14. Value Education invokes selective ideas and is not in consonance with a modern, democratic and secular outlook. The Ethical and Moral Reasoning (4.6.8) and Knowledge of India (4.6.9) components in School Education indicate a narrow moral compass wherein ideas and figures are selectively invoked. The Constitution of India has been given a short shrift. Principles of Secularism and Socialism have been left out in order to project a partial picture of the Indian democratic ethos. While India is a diverse and historically evolving entity, the perception of its historical stages of development has been muddied through mere thematic references to the philosophy, yoga, mathematics, literature and political ideas in Ancient India. In fact, Value Education in the DNEP seems to have been held hostage to propaganda of Brahminical ‘virtue’, while anti-caste and anti-racism voices like Ambedkar and Nelson Mandela are included as token diversions. Since Value Education is a serious component of School Education – more relevant in current times than ever – the DNEP ought to have given a far more serious consideration to the Indian Constitution and to the ideas of modern Indian leaders who represent the entire ideological spectrum that has been active in India’s public life.
15. Universal Access: The principle of universal access is missing from the DNEP. “Access” is understood in the traditional term and confined merely to ramps, handrails and toilets.
16. Rights of Persons with Disabilities Act: The DNEP does not acknowledge the Rights of persons with Disabilities Act, 2016, which has various provisions for children and adolescents with disabilities.
III. Rashtriya Shiksha Aayog (Chapter 23)
It is proposed that the centralised Rashtriya Shiksha Aayog (RSA), led by the Prime Minister, will be the apex body deciding on, monitoring and regulating all levels and processes that relate to the generation, dissemination and movement of educational resources and skills. It will comprise of union ministers and senior bureaucrats attached to the Union Government. The prerogatives of federal agencies like state and local governments will have to remain subordinate to the Centre’s will or, at best, are likely to be accommodated in token fashion. The concurrent equality between states and the Centre (in all matters pertaining to education) remains overlooked in the Draft NEP. Therefore, the proposal to concentrate all authority on the RSA is constitutionally not just unacceptable, but untenable. The RSA will make policy decisions, budgetary allocations, review plans and monitor the bodies that will separately fund, set standards, accredit and regulate institutions. It will also retain the authority to shut institutions down if it so deems necessary.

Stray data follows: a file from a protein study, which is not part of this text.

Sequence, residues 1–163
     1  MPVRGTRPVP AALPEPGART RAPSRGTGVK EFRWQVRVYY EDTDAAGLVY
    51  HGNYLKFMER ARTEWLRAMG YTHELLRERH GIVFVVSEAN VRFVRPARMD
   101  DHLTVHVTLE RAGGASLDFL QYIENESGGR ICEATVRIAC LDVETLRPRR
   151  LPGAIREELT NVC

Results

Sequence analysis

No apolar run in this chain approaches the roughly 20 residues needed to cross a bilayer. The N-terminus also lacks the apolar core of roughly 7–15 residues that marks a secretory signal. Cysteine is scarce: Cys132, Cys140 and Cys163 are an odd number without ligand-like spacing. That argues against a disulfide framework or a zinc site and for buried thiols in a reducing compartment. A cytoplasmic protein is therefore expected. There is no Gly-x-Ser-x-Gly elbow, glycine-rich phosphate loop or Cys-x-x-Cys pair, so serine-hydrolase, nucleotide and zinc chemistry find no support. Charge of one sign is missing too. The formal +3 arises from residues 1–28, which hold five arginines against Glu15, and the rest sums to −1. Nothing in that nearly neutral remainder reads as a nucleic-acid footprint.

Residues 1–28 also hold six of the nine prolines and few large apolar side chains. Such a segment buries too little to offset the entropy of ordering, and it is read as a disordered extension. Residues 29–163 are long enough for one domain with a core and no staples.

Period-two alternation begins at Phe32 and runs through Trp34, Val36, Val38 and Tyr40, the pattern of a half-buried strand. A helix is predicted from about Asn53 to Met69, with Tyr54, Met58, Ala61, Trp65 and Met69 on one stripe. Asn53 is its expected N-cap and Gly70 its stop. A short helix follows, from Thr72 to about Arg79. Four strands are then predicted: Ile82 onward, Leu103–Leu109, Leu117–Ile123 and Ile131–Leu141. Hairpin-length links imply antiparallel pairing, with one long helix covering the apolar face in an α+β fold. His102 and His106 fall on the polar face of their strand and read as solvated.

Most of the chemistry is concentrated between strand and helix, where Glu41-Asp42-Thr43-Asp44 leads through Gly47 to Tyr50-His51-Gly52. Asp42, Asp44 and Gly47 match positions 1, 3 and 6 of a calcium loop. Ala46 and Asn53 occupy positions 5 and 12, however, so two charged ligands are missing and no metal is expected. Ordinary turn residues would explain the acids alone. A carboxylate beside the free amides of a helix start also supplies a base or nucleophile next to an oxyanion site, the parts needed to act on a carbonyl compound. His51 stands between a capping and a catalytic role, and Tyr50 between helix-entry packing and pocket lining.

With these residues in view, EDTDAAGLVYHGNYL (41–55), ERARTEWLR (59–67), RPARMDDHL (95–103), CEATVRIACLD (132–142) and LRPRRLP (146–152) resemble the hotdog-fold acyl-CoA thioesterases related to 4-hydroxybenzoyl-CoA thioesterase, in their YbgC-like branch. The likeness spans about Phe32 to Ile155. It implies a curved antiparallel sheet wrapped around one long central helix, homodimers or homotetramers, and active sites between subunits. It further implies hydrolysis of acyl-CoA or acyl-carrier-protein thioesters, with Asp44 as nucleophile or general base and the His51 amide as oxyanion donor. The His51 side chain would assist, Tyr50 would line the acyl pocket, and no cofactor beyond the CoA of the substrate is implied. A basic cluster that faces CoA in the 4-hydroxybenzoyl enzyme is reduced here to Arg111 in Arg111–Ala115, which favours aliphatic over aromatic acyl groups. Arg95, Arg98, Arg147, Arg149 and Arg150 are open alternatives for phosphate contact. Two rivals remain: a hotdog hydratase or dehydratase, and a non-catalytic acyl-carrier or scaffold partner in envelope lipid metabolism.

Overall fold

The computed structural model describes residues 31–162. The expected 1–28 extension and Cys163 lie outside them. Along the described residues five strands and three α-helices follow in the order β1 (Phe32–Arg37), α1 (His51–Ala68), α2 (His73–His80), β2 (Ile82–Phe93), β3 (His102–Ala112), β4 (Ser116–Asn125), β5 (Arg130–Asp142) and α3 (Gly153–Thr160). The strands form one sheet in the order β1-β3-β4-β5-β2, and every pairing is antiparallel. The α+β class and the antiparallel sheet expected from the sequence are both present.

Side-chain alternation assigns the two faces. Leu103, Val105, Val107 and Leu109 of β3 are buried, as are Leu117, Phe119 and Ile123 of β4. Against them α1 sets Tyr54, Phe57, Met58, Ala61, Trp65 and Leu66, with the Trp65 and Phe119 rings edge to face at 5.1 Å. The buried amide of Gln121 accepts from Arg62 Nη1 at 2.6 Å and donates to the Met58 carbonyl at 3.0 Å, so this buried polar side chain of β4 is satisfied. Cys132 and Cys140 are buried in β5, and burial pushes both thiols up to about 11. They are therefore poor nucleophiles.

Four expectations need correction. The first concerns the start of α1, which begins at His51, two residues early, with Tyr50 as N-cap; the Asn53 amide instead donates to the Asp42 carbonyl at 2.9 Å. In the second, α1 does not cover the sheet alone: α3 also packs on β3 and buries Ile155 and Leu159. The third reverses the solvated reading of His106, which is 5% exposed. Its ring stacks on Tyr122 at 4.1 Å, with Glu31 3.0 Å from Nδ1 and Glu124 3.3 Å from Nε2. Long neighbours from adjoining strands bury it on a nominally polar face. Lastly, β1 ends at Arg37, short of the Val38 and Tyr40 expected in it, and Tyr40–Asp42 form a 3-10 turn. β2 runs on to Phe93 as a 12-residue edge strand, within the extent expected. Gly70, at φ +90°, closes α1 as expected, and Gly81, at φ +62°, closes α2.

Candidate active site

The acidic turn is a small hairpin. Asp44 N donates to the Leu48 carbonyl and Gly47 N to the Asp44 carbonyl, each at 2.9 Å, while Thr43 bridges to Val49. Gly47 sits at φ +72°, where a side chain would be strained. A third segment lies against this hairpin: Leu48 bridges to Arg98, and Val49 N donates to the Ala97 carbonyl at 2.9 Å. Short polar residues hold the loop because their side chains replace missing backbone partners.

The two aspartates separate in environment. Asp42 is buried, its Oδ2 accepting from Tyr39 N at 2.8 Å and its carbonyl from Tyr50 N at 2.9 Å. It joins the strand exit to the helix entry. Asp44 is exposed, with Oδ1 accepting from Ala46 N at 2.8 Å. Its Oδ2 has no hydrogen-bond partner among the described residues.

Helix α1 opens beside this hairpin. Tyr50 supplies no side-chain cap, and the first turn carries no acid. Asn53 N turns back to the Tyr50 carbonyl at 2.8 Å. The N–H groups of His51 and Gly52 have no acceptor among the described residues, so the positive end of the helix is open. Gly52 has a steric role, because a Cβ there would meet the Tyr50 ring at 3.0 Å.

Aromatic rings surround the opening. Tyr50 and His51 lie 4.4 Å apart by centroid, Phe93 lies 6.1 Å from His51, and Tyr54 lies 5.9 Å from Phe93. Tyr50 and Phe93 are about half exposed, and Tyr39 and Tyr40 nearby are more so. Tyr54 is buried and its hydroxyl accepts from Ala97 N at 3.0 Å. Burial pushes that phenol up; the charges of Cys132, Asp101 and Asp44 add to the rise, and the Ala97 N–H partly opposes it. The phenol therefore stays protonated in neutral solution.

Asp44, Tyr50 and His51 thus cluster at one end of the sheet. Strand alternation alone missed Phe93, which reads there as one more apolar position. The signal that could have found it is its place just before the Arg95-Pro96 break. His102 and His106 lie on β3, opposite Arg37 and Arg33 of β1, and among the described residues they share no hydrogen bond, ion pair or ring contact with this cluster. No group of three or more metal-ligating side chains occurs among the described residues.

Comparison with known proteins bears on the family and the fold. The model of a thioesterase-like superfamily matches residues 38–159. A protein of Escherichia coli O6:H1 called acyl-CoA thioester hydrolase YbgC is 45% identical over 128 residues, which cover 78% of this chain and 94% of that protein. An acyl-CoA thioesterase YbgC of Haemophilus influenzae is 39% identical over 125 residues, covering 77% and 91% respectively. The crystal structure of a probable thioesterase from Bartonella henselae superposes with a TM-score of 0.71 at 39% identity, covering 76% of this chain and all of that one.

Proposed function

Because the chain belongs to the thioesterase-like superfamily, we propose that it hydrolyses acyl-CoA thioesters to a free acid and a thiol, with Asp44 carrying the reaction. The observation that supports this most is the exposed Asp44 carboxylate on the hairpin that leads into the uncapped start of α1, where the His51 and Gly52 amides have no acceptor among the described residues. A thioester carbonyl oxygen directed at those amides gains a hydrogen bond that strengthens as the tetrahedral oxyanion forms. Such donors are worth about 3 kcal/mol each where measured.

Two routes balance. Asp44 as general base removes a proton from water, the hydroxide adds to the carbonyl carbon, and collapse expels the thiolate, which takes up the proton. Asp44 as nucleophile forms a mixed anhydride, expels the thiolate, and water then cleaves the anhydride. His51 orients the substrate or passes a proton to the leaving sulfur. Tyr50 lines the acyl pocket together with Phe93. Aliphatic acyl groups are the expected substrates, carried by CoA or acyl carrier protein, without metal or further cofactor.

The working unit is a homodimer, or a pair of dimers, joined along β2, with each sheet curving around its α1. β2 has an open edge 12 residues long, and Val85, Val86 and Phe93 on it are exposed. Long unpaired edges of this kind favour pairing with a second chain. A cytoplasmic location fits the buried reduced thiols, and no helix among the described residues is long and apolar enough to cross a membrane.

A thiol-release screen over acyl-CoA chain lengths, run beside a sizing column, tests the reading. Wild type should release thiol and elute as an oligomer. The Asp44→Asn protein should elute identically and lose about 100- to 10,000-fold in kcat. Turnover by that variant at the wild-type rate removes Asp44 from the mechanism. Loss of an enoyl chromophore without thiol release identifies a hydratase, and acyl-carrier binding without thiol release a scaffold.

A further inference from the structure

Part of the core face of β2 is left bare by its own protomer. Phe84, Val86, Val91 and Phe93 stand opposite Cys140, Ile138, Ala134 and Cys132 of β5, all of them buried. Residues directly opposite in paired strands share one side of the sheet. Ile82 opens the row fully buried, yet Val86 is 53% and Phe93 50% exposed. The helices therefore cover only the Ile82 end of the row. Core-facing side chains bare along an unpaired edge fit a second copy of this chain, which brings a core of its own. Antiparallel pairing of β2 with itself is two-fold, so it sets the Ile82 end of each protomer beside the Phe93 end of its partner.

While investing such immense centralised power with the RSA, the Draft NEP does not make it accountable to any public review. The RSA Executive Council will review and judge all state-level plans and Institutional Development Plans (IDPs) of HEIs but is, itself, not open to scrutiny. In its essential character and purpose, the RSA appears to be a Behemoth neither respecting the Federal character of the Union nor subject to any checks or balances against possible authoritarian excesses and invasions.
The Draft NEP makes a case for substantial increase in public spending. However, it does not make it binding on the Government to commit itself to increased public spending. In fact, it carefully relieves the Government from all responsibility on this count by hoping, wishfully, that its recommendations are carried out over time. In the Preamble to the Draft NEP itself, the crucial aspect of Public Financing is kept out of the ambit of the Policy: “We must […] find the funding that education needs and find it quickly. For the sake of completeness, we have included a rough and preliminary estimation of the financing need for this Policy to be translated into reality within the next decade or so. Similarly, the broad steps we need to take to implement this Policy are also included in the Addendum. Both of these are more in the nature of guidelines for implementation and not directly part of the Policy.” (pg. 33, Preamble, Draft NEP).